There is a school of thought that believes we humans learn best by using our common sense and doing rather than by someone hypothetically telling us what to do. I had tended to agree with this as regards the practicalities of life, whether it was administrative systems at work or learning to put up a picture without hammering your nail through the water pipe lurking behind the wall at home. But a recent ‘incident’ made me reassess my opinion. It made me realise that, in some situations, listening and absorbing information is invaluable so that if you are ever faced with said ‘incident’, you spring into unrehearsed action and you don’t let your common sense go up in smoke … literally!
You can picture the scene, Friday evening and four women are sitting around a dinner table discussing their news and putting the world to rights. There is a lovely ambience, partly created by the company, food and accompanying wine; and partly by the comfortable environment and subtle lighting using many pretty candles all around the room.
Suddenly, the lighting in the room seems to change, with a flickering shadow appearing on one wall. At the same time someone asks if anyone else can smell burning. All at once the peaceful scene turns into something from a Carry On movie. A fire is discovered in the bathroom just outside the kitchen. This room has also been lit by candles and the glass holder of one of them has cracked, allowing the flame to reach a wicker basket. Not only that but the basket is sitting on top of a wooden bookcase filled with books and the fire is spreading fast … it is at this point that someone really well drilled in theory might have been handier than four people trying to think on their feet and confusing the do’s with the don’ts from the odd “What to do if fire breaks out” sessions they obviously hadn’t paid sufficient attention to at school.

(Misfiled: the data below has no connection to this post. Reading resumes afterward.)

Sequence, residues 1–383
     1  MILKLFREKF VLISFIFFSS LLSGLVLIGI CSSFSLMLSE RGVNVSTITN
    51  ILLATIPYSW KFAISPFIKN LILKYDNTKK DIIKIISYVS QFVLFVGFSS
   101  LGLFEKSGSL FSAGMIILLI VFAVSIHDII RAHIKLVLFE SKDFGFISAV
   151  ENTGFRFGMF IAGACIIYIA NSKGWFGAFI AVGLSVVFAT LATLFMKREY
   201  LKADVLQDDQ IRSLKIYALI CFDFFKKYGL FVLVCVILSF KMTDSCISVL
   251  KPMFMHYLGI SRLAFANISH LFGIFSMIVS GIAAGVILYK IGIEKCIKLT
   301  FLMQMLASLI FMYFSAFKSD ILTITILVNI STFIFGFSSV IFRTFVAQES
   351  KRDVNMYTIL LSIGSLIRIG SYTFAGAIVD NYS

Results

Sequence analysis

It was just as well the source of the fire was a candle rather than an electrical appliance as the immediate reaction was to get water. Considering this fire was in a bathroom and yet we all ran back to get water into any receptacle we could find from the kitchen sink gives you an indication that our cumulative common sense had temporarily gone awol!
Thankfully, the fire got put out and, apart from some delayed shock, some smoke damage and a singed bookcase, no irreparable damage was done. The feeling that has lingered though is the speed with which a relaxing evening could turn into a dangerous, life-changing event. I think the old “to be forewarned is to be forearmed” adage is what we’ll take from this experience. On which note I’m off to Google what to do if there’s a house fire caused by an electrical appliance!
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